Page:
Toronto Irish Players’ production of Translations is theatre for history buffs and language enthusiasts
Translations, presented by Toronto Irish Players, at The Alumnae Theatre, is not the usual style of show I am sent to review. I was excited to see the show, but a little worried as to what I would have to say about the evening. Luckily, my guest for Thursday night was a linguistics student, therefore had a lot of great observations about Translations, which helped me gather my thoughts about the evening.
The plot of Brian Friel’s script follows the lives of the inhabitants of Baile Beag over a period of a few days in 1833. The British Army has arrived to replace all the Irish place names with English ones causing a snowball effect of unfortunate events.
The story of Translations is slow to develop, much time is spent establishing the intricate relationships between the ten characters. At first, I wasn’t very sure where everything was leading. In the end though, the commentary on language, cultural diversity, and colonialism left a lot to ponder. My guest and I had a rich conversation about language and translation on our journey home, catalyzed by the story.
There were some enjoyable performances and clear direction present in Toronto Irish Player’s production, but my guest and I agreed that we would have enjoyed sitting down and just reading the script. Friel is a lot to live up to. With three languages being spoken (English, Latin and Greek) and the fact that English also serves to represent Gaelic, without very direct intention it is hard to follow the story.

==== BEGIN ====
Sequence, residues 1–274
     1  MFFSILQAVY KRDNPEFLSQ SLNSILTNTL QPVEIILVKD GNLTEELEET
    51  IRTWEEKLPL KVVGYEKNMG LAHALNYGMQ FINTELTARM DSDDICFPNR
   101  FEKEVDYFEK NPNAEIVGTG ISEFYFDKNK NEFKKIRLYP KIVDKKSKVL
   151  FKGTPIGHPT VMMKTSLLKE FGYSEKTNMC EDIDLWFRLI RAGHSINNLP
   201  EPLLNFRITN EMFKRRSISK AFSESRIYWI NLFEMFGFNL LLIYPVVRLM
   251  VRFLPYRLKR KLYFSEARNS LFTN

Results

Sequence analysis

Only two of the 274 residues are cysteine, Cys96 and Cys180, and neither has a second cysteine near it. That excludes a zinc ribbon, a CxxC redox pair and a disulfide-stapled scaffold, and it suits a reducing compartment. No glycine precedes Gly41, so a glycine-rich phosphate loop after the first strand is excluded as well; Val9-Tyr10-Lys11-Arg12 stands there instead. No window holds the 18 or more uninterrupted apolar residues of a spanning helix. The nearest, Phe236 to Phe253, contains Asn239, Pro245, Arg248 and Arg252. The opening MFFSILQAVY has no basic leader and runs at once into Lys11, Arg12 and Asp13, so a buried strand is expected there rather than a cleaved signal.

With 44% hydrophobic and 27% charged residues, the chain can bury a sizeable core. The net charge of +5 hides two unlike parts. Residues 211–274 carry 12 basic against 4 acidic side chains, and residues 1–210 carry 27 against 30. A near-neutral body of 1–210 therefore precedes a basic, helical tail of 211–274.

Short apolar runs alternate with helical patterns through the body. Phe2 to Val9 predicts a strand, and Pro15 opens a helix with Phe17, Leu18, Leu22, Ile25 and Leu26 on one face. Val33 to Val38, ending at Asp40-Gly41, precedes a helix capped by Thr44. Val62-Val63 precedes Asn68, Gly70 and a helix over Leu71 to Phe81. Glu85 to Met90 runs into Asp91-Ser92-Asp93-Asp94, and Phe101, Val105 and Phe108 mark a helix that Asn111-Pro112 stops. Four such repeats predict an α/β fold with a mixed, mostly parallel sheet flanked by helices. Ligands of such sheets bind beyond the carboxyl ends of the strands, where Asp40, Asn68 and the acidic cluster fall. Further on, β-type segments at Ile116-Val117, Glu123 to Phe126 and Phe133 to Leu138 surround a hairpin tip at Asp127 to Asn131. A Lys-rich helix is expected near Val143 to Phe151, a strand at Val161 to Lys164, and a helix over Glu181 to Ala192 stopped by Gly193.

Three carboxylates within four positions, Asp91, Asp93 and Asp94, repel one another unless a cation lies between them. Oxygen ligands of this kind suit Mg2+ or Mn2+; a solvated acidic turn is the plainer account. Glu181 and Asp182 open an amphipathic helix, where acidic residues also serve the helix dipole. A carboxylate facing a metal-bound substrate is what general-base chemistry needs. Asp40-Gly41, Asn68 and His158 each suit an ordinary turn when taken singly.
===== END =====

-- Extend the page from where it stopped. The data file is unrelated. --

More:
Probably the most engaging performance, for me, was that of Sarah by Lara Kelly. Though her character barely speaks, her physicality made her intentions and desires very clear and believable. Simultaneously she succeeded in maintaining that physicality throughout her time on stage, without pulling focus from the central action on stage. I also appreciated that her character served as a microcosm for what was happening to the Irish community.
My guest enjoyed James Phelan’s portrayal of Hugh as well as Matt Jensen’s of Owen. He found both actors to be very sure of their characters and clear in their deliveries. I tend to agree with him on those observations. These two gentleman’s performances were the most direct and their relationships to the other performers were clear.
Though I didn’t find the show overly exciting or enrapturing, it was a pleasant evening. For anyone that is a fan of Brian Friel’s work, Toronto Irish Players’ production is worth checking out. History buffs and language enthusiasts would probably be the audience that would enjoy Translations the most.
- Translations is playing at The Alumnae Theater (70 Berkeley St) until November 3rd, 2012
- Performances are Nov 2nd and 3rd at 8pm
- Tickets are $20 for adults, $18 for seniors and students.
- Tickets can be purchased online or by calling 416-440-2888
photo of Michael Sherman and James Phelan.